another example of the Credit Card industry's deceptive advertising targeting children
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Monday, May 16, 2005

MasterCard credit skimming fraud tactics

Customer education, merchant compliance imperative
(source the HINDU Aug 29, 2002)

Highest percentage of frauds falls under the `card not present' type of transactions and counterfeit cards. Though skimming is not happening in India, skimmed cards are in circulation. A technology to prevent skimming is already being pilot tested by MasterCard.

Skimming Indian credit cards is not attractive as the credit limit is very low. -

THERE ARE some things money can't buy. But for everything else there is MasterCard. So goes the catchy slogan of MasterCard, one of the major credit cards in circulation in the world. True to the slogan the convenience of a credit card needs no description. But it can be misused when it reaches the wrong hands. Consider this to know the magnitude of the problem — the total loss to MasterCard last year mounted to a staggering $369 million.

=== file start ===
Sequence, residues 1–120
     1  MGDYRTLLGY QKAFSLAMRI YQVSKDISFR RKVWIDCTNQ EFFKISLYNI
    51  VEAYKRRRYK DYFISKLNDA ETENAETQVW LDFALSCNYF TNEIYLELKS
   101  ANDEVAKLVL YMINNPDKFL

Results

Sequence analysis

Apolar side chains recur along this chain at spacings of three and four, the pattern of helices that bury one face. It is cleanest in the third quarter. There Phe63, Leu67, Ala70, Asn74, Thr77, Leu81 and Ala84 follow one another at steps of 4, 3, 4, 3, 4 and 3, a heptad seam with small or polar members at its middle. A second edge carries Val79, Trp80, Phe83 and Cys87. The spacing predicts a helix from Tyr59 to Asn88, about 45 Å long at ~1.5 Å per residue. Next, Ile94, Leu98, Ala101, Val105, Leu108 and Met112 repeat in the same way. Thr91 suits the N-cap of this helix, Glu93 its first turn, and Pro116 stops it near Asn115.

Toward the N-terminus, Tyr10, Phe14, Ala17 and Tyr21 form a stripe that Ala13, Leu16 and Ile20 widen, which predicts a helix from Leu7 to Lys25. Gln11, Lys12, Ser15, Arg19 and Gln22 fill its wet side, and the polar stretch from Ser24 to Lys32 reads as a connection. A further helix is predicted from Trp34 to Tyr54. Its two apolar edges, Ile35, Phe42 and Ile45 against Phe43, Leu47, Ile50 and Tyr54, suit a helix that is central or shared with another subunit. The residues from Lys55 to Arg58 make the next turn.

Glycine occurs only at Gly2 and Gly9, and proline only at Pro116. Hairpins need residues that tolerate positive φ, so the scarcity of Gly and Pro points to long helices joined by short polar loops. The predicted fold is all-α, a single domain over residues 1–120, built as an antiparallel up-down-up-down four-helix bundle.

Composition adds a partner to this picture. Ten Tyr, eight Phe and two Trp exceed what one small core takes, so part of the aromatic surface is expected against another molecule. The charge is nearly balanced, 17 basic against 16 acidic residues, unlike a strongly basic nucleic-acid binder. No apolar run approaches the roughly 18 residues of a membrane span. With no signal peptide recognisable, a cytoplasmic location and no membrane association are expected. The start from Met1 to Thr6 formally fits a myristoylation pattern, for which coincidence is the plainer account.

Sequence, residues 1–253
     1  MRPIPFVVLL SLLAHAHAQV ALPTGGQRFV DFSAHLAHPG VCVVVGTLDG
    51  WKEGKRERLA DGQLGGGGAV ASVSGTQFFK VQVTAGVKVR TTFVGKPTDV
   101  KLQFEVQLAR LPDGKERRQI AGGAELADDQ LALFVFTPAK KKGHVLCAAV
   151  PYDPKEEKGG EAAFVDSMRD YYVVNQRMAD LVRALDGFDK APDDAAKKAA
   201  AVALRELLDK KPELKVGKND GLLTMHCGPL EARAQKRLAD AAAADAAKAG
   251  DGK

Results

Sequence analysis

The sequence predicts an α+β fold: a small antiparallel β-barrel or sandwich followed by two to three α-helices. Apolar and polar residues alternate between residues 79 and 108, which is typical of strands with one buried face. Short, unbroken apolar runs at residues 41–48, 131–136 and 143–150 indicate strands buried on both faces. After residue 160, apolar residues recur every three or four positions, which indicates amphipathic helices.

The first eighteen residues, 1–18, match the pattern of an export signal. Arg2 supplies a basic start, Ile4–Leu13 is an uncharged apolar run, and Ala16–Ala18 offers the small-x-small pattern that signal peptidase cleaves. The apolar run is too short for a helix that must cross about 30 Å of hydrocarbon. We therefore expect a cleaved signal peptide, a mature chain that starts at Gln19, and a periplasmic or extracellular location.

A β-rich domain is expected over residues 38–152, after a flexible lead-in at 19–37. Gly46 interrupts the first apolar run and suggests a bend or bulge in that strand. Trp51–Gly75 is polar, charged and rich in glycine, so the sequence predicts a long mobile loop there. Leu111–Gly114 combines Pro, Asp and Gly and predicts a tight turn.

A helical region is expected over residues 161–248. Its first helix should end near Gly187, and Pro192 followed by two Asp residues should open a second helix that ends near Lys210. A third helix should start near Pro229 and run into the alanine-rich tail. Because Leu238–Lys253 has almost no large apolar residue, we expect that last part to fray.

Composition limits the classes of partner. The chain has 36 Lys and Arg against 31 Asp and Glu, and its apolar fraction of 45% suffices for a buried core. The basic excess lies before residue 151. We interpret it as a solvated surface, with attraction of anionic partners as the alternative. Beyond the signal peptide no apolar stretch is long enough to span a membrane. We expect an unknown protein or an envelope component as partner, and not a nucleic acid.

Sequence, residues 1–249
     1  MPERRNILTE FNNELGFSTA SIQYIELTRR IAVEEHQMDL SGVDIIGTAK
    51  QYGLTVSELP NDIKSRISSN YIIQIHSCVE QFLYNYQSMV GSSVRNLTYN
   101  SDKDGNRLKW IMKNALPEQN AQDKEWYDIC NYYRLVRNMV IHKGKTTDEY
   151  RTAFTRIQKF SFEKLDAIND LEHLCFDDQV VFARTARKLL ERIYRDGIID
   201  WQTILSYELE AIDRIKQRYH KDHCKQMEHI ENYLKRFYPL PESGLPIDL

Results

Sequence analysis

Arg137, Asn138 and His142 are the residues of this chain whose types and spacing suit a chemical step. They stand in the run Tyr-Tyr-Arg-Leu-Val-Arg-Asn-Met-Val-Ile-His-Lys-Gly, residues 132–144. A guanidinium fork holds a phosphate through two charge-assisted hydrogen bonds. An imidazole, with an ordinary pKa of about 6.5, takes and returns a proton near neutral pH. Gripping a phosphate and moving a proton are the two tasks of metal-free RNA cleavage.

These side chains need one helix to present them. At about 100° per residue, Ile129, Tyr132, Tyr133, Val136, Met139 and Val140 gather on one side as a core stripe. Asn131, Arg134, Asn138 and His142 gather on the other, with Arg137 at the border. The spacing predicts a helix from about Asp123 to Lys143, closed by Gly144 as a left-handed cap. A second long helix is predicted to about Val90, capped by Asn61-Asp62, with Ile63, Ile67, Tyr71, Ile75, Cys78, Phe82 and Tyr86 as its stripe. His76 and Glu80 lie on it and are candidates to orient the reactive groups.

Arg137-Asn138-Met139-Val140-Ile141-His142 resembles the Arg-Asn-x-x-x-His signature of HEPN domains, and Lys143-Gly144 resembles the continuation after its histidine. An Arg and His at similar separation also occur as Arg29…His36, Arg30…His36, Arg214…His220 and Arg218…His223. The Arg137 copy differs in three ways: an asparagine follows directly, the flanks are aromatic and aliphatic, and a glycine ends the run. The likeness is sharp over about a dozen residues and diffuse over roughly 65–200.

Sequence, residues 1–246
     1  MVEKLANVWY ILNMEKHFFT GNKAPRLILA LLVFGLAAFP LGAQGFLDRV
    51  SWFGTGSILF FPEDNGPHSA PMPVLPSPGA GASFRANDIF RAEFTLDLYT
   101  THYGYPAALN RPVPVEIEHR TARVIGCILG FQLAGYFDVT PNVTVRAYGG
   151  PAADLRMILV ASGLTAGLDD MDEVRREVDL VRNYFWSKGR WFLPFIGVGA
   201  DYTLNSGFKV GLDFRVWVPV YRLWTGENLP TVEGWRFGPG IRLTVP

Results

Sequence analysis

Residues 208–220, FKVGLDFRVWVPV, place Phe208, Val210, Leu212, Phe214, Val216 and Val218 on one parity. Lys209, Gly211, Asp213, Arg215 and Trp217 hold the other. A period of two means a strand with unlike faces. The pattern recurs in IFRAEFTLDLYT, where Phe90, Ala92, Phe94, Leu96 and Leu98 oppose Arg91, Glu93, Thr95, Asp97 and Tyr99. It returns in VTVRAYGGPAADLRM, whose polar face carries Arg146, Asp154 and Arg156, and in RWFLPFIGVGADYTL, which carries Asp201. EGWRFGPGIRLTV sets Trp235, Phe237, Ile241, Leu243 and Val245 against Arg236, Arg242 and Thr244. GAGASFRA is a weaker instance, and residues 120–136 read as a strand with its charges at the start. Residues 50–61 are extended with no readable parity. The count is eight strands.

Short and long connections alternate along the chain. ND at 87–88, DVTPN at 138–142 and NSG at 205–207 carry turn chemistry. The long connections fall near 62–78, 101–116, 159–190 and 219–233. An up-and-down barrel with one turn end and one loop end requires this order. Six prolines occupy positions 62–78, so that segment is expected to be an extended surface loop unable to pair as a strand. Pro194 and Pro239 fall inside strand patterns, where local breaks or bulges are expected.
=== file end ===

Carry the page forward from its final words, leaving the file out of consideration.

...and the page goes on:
India is no exception to credit card fraud. The only consolation being that most of the frauds are small in value and can be easily checked. "The highest percentage of frauds in credit cards in India happens in the mail order telephone order (MOTO) type," said Mr. Rajiv Duggal, Director (Security & Risk Management), South Asia, MasterCard International at a seminar conducted by Chennai based FSS on identifying and preventing credit card frauds. These are the typical `card not present' type of transactions where the card owner furnishes the card details in an application form or conveys it over phone.

In a typical mail order application the card owner furnishes card details like the card number, his name, date of birth, signature and card expiry date apart from his address where the product has to be delivered. The merchant sends these details to the issuing bank for approval before delivering the product to the customer. In a clean case the process goes to completion without a glitch. "A fraud when committed easily comes to light if the issuing bank checks the address given on the application with the owner's actual address," said Mr. Duggal. This works on the assumption that the impersonator would give his address and not the actual owner's address. "So this type of fraud can be easily checked and prevented if all concerned banks look for the inconsistency," Mr. Duggal explained. Technology to prevent such crimes is already in place but very often the impersonator gets away with the crime due to lack of attention to details.